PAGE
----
Rachel Awuor, a 55-year-old grandmother, had bottled up her emotions for 37 years.
She sought abortion from a quack who raped her, before terminating the pregnancy so crudely he nearly killed her.
“It was in 1980, when I ran away from home (in Western Kenya) to Mombasa and got pregnant there. My dad was a very stern man. I was 18 years old and those days, only people 30 years and above would get contraception,” she explains.
“A lady friend took me to a man who claimed to be a doctor. But he demanded sex before helping me.”
Awuor gave in as long as the doctor would terminate the pregnancy.
The “doctor” then whipped out an object that resembled a spoon. “He started forcing it into my private parts. Every part of my body was aching,” she says.
“I bled for three months, and one day something dry came out. Then I bled even more. I thought I was about to die. But God was merciful to me. I’m glad there’s safe abortion these days.”
Nowadays, Awuor openly talks openly with her children about termination of pregnancy.
“I tell them if one is not comfortable with a pregnancy they have a right to abort,” she says.
Another woman says a quack nearly killed her by abandoning a plastic straw inside her private parts to induce abortion.
Nancy, now 42, shared her experience for the first time after more than 10 years of silence.
Her husband, a police officer, was charged with manslaughter and denied bail after an operation went chaotic and a civilian lost his life.
The trial was long and exhausting. She ran out of financial support to follow up the case. The husband's parents did little to support her.
“I moved from office to office seeking help. I found a kind officer who offered to support me with some money for transport, to enable me attend hearings.”
However, the officer soon started demanding sex before helping her. Her husband was later jailed for three years, but she also fell pregnant.
“I was shocked. What would my husband say when he’s released?” A teacher at the school led her to a “doctor” who charged Sh2,000 for abortion.
“He then stretched my legs apart and inserted some things inside my private parts. After several days I felt sickly; It felt like malaria. Then I started bleeding.”
“One day as I bled heavily, a straw for drinking soda came out of my private parts. I said God loves me because I survived.”
“My husband was finally freed and now lives with me. Both my two children are now in high school. But I cannot get pregnant again; my uterus was messed up with.”
In September 2012, the Health ministry published principles known as “Standards and Guidelines for Reducing Morbidity and Mortality from Unsafe Abortion in Kenya.”
They were meant to standardise and improve the knowledge and skills of health care workers to prevent and manage complications associated with abortion and miscarriage.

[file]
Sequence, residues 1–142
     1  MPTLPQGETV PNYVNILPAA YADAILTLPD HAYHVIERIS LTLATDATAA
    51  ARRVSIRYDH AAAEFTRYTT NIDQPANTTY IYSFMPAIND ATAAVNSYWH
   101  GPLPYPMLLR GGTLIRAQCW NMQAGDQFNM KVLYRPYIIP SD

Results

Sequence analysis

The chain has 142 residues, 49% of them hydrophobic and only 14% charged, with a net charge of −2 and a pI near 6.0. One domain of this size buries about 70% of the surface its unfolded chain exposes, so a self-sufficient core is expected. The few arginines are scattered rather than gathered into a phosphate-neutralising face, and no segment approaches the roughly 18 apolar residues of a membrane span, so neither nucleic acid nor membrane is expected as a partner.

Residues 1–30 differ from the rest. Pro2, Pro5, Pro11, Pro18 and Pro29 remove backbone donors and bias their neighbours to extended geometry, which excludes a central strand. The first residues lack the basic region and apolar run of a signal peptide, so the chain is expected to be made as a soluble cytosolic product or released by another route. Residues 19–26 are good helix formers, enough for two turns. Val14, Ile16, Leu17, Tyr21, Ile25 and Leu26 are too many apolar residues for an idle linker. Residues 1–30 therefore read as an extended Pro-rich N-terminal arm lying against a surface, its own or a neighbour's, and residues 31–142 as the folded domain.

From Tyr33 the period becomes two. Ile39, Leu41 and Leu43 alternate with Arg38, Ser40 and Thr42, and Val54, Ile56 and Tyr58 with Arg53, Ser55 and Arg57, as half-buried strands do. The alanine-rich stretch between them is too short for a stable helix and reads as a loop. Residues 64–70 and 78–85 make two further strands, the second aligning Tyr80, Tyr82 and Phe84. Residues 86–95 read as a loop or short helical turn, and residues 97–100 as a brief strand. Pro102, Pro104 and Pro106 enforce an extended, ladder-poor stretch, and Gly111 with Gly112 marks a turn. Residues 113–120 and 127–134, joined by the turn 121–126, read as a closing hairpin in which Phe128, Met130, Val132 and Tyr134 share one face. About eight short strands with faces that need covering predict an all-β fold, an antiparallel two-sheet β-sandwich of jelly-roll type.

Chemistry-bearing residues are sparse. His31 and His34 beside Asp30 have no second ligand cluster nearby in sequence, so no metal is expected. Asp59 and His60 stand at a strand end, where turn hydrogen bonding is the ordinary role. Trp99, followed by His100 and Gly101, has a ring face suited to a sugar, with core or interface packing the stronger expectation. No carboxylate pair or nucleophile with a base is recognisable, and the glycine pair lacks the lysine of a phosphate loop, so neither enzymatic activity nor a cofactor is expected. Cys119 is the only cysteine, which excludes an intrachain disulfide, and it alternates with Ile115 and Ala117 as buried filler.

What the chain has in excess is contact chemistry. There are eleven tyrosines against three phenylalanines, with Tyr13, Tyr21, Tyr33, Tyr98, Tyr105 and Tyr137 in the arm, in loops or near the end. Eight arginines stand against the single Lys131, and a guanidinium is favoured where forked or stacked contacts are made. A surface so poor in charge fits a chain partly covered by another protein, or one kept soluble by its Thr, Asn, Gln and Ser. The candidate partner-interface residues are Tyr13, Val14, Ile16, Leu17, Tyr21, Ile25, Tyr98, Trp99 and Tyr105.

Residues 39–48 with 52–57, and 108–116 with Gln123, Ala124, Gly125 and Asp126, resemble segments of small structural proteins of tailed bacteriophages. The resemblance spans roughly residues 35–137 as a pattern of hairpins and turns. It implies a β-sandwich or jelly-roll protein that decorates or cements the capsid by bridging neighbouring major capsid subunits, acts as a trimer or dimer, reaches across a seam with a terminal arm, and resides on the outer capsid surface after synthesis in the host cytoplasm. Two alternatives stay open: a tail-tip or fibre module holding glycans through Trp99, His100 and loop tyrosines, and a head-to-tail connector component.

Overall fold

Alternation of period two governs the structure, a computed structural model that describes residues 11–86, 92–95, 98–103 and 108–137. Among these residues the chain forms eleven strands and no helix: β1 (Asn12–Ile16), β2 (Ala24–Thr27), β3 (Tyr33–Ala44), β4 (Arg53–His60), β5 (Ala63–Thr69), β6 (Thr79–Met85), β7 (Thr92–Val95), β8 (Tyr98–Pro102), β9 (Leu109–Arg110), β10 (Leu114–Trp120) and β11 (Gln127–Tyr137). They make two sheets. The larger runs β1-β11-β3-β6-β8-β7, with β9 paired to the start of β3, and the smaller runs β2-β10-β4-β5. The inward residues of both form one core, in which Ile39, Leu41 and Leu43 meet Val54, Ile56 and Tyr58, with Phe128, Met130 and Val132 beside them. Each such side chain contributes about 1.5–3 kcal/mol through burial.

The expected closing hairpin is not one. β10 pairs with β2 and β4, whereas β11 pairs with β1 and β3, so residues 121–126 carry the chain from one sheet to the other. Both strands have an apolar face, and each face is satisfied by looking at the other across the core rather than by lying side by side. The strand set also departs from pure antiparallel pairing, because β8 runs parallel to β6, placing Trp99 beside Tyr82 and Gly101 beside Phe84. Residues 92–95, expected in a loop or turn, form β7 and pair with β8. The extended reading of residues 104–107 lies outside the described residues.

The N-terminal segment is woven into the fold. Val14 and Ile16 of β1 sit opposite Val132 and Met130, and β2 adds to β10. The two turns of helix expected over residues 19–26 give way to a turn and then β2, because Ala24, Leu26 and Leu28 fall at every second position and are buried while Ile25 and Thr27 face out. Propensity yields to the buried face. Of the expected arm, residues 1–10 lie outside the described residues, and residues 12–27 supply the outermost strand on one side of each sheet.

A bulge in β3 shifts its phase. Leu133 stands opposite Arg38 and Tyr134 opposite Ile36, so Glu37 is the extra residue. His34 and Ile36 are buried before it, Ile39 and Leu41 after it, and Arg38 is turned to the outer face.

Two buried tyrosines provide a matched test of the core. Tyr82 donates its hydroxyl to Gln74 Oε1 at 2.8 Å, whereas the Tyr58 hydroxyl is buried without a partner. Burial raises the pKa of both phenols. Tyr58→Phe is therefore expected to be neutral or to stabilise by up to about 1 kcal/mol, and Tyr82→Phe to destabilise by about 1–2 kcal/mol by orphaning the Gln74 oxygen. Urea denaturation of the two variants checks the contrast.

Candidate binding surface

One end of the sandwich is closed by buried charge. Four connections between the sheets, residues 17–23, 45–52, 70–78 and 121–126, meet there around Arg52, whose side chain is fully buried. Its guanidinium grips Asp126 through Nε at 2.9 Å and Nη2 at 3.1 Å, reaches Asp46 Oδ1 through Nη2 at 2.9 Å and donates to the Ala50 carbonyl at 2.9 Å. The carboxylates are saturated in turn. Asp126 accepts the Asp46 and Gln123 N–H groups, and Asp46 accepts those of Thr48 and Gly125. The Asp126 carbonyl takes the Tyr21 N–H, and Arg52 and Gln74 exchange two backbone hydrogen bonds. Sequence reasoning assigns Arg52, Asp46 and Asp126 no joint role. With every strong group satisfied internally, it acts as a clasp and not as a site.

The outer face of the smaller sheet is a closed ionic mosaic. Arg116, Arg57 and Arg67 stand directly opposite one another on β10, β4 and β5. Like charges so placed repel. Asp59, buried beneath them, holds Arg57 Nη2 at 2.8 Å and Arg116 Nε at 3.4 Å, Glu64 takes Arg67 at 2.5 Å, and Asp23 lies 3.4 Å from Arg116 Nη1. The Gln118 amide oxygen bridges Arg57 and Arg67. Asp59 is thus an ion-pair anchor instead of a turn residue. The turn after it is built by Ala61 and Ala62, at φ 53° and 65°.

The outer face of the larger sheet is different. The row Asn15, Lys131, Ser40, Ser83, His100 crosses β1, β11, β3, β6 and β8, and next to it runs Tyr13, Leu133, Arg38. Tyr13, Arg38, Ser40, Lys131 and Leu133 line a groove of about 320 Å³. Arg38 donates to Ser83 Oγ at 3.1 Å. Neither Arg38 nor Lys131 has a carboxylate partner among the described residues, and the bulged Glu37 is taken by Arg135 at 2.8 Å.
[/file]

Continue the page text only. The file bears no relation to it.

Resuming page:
Former Medical Services director Dr Francis Kimani withdrew them hastily in December 2013, leaving health care professionals without proper guidance.
The guidelines could have benefited Susan, a 20-year-old college student who was raped by her biology teacher during the 2014 KCSE exam.
He was a “nice” teacher, always revising together with the girls before exams.
But one evening, he requested Susan to take some books to his house, within the staff quarters. He followed her behind.
He then asked Susan to linger in the house longer as he advised her how to succeed in life.
“He was sad that this would be the last day we met, because after the exam we’d be going home. He told me how he loved me. He got closer to me and said how he would miss me. He started caressing me. He told me if I shouted he would beat me and the head teacher would hear it. We had sex.”
Susan realised she was pregnant in February 2015, when the KCSE results were announced. She decided to abort.
“So I took concentrated tea leaves, I also took Jik, a bleach. Nothing happened.”
She went to a woman who gave her some bitter herbs but this did not help. “She told me that maybe the man who impregnated me spoke evil things about my pregnancy that’s why it didn’t abort.”
Susan was finally linked to a doctor who gave her two pills. After two days, she bled heavily. It was done.
“When I returned to the hospital, the doctor gave me contraceptives. He said I needed them so that I do not return for abortion. Nowadays, I practise safe sex. I always share my experience to help other people.”
Amolo, the counsellor, says a woman or girl would do anything to terminate an unplanned pregnancy, regardless of the possible health consequences.
She explains this is why women and young girls go to quacks or resort to crude herbs, chemicals and objects.
“As long as there are no clear standards and guidelines that enable health workers to provide comprehensive abortion care, deaths related to unsafe abortion are likely to rise,” she says.
(Names and some locations have been changed to protect privacy)